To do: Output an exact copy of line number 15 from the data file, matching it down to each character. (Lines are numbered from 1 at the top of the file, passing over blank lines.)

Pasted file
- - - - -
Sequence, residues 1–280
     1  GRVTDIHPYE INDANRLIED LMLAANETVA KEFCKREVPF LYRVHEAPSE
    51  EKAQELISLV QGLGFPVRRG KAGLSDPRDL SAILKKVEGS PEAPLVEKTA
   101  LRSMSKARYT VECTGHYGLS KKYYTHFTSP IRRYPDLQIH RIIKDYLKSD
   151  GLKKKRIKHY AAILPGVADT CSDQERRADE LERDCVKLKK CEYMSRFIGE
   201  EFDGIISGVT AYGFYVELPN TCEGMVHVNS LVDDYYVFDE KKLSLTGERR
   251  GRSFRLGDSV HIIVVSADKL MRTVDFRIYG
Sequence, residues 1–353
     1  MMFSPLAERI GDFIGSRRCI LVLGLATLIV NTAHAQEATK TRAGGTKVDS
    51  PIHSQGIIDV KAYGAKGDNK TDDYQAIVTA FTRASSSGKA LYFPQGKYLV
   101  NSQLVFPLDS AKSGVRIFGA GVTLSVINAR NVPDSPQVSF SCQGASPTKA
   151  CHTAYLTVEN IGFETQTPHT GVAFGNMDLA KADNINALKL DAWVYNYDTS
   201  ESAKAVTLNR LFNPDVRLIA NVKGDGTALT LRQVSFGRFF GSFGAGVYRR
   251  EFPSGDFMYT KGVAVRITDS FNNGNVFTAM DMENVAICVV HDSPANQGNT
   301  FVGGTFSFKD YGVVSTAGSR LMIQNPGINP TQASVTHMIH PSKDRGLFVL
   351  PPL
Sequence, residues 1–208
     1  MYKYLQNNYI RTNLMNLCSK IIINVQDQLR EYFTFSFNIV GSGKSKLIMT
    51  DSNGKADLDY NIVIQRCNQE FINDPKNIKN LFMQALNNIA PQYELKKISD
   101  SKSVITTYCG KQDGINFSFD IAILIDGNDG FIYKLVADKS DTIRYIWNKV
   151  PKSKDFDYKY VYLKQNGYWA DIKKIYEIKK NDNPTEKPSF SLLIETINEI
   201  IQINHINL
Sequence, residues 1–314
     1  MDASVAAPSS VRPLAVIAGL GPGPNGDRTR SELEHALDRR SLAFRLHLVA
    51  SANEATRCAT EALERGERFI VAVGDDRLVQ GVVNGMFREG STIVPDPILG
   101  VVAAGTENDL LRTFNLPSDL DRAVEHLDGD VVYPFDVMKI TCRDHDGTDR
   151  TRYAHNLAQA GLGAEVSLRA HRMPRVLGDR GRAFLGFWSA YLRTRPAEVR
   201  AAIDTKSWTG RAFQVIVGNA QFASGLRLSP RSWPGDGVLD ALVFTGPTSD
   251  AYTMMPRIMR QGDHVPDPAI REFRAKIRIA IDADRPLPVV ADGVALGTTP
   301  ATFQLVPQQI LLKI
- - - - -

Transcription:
   301  FVGGTFSFKD YGVVSTAGSR LMIQNPGINP TQASVTHMIH PSKDRGLFVL